Recently, I heavily made use of `f2py`

—a tool that converts your FORTRAN code into a Python module.
Here is how to use it:

```
$ f2py -c -m module_name fortran_code.f90
```

In the current directory there is now a shared object of your module `module_name.so`

.
To use it in Python, just do the usual import. A *docstring* is generated for you as well, so you know how to call the methods, i.e., FORTRAN subroutines or functions

```
import module_name as mymodule
print mymodule.__doc__
```

Let's suppose you've written a subroutine that does some calculations that are faster in FORTRAN than in Python

```
! fortran_code.f90
subroutine some_calulations(a,b,c)
implicit none
real, intent(in) :: a, b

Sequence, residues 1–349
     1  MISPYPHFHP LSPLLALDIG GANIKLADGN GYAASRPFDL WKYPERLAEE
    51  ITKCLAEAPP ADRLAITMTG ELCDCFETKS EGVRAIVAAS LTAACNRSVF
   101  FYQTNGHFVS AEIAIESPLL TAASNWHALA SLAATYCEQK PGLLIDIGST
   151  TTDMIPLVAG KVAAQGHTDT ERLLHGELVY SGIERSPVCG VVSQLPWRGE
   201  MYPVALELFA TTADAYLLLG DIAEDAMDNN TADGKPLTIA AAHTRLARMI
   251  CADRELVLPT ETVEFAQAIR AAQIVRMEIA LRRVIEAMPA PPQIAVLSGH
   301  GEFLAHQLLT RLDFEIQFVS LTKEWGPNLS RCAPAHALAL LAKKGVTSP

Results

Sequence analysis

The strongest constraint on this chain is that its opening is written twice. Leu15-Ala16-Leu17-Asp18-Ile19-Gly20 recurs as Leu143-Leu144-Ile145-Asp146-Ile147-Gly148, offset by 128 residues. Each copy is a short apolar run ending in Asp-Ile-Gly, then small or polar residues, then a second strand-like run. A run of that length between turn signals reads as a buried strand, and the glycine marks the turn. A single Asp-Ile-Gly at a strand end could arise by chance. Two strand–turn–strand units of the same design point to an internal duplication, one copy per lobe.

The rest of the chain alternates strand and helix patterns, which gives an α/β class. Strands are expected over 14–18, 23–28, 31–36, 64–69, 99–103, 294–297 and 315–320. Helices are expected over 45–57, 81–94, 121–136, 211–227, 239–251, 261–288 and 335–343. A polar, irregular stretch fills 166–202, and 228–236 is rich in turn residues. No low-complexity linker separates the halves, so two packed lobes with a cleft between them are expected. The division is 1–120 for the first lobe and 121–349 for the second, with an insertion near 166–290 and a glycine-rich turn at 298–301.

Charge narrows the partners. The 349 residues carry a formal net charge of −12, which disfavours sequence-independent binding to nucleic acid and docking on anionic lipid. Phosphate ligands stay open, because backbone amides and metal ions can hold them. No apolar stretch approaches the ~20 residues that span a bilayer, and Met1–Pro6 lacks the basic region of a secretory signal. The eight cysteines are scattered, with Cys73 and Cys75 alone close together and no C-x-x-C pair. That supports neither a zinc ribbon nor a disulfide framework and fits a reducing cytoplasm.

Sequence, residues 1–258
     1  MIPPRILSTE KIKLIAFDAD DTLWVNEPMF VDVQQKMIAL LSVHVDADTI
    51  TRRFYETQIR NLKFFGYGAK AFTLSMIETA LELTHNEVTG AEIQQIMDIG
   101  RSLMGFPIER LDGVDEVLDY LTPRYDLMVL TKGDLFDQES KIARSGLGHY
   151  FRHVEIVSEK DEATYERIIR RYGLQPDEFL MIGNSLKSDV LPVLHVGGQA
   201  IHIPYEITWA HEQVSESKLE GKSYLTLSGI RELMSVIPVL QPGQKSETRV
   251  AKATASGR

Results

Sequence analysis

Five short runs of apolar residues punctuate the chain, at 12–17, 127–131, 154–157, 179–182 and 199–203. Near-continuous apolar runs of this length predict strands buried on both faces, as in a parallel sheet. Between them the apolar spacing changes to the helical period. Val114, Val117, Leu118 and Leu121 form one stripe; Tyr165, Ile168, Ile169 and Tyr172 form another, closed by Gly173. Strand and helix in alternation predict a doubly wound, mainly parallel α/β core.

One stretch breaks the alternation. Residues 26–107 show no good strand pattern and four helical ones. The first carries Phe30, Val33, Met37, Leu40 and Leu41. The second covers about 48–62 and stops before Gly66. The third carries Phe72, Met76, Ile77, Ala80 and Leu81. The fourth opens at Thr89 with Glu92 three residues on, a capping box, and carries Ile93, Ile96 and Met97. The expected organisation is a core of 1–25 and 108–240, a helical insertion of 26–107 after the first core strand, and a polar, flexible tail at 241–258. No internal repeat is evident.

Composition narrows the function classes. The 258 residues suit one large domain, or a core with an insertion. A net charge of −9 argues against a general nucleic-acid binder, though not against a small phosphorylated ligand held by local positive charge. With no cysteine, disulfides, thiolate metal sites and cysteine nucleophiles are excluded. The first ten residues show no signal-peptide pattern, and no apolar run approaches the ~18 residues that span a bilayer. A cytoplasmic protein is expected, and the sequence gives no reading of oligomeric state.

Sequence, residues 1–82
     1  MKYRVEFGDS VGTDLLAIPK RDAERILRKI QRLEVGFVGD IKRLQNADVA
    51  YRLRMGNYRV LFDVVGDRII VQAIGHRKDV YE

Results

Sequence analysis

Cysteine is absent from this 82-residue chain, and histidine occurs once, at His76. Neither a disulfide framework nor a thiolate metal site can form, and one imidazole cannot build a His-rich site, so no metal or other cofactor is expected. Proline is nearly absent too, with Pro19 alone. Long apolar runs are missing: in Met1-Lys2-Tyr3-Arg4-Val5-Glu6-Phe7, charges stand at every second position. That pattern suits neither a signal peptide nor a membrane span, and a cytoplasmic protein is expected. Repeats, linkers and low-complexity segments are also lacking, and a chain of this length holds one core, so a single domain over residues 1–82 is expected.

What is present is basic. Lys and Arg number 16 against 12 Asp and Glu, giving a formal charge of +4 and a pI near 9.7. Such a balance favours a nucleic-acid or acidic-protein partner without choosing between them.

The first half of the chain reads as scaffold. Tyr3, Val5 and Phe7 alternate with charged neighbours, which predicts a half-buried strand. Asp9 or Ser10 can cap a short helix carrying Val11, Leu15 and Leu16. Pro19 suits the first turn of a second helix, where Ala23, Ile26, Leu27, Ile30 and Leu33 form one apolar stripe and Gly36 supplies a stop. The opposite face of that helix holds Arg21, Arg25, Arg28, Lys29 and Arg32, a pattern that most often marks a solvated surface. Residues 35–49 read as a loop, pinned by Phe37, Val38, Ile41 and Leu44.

real, intent(out) :: c
real :: some_result
! start some calculations
...
c = some_result
end subroutine
```

To call that subroutine, our Python script has to look like this

```
import module_name as mymodule
print mymodule.__doc__
x1 = <some value>
x2 = <also some value>
result = mymodule.some_calculations(x1,x2)
```

That's it. Pretty easy, huh?
Now you can use your fast code and let Python do the rest, like making a proper data analysis using `numpy`

or `scipy`

, or doing the graphics using `matplotlib`

.